Artist: Young BuckTitle: Buck The WorldRating: 3 1/2 StarsReviewed by: Alex Thornton
By now, G-Unit has become almost an institution of rap music. What began as 50 Cent’s requisite side group has grown into a confederation of artists from all over the country and as G-Unit South’s flagship artist, Young Buck represents the beginning of that transition. Ever the businessman, 50 had the foresight to capitalize on the Southern takeover and brought Buck into the fold both to pinch-hit for the incarcerated Tony Yayo and begin to expand G-Unit’s reach. As part of the group, Buck only adds a pinch of the South to the New York aesthetic, but Buck the World (G-Unit/Interscope) is defiantly the other way around as Buck mixes bits and pieces of the East and West with raw Tennessee.
While a few tracks (like the 50 assisted “Hold On”) fit into the expected East Coast method, the majority of the album finds Buck in full-on South mode, be it with big horns and attitude on the single “Get Buck” or the smooth drawl of “I Know You Want Me.” Buck seems equally comfortable when reaching out West for “Haters” (with perennial hook-man Kokane), and it’s this versatility that makes Buck worth listening to. While the multi-directional approach is mostly an attempt to cover all the commercial bases, Buck is charismatic enough to pull it off.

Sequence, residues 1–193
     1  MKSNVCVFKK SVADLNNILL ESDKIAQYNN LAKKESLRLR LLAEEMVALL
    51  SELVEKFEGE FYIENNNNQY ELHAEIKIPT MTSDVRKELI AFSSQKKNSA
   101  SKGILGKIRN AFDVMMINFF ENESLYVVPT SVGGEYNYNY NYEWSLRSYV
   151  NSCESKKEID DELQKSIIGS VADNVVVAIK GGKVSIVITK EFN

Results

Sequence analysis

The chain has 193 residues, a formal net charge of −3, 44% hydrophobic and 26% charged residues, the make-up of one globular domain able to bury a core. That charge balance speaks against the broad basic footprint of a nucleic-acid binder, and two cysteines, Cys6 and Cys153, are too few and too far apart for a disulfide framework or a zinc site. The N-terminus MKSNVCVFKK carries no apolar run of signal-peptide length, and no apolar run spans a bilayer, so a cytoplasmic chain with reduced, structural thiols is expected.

Predictably, the downside is a lack of real substance. It’s hard to get any real grasp on Buck as an individual since he mostly sticks to the usual, formulaic subject matter. Granted, guns and drugs are more or less what a G-Unit album is for, but there seems to be something more going on in Buck’s head and the little glimpses we do get (such as the introspective “Slow Ya Roll”) make it that much more frustrating to listen to the rest.
Ultimately, Young Buck’s style makes him the G-Unit rapper for people who don’t like G-Unit. Buck strays enough to prove that he’s his own man, but the core of Buck the World is still business as usual. Yong Buck continues to show potential though, and as he grows into his identity, he’s likely stay relevant. Buck the World isn’t a classic, but as pop-rap goes these days, it at least manages to be worth a few spins until the next album from 50 Cent (or Jim Jones, or Young Jeezy, or whoever else) hits the streets.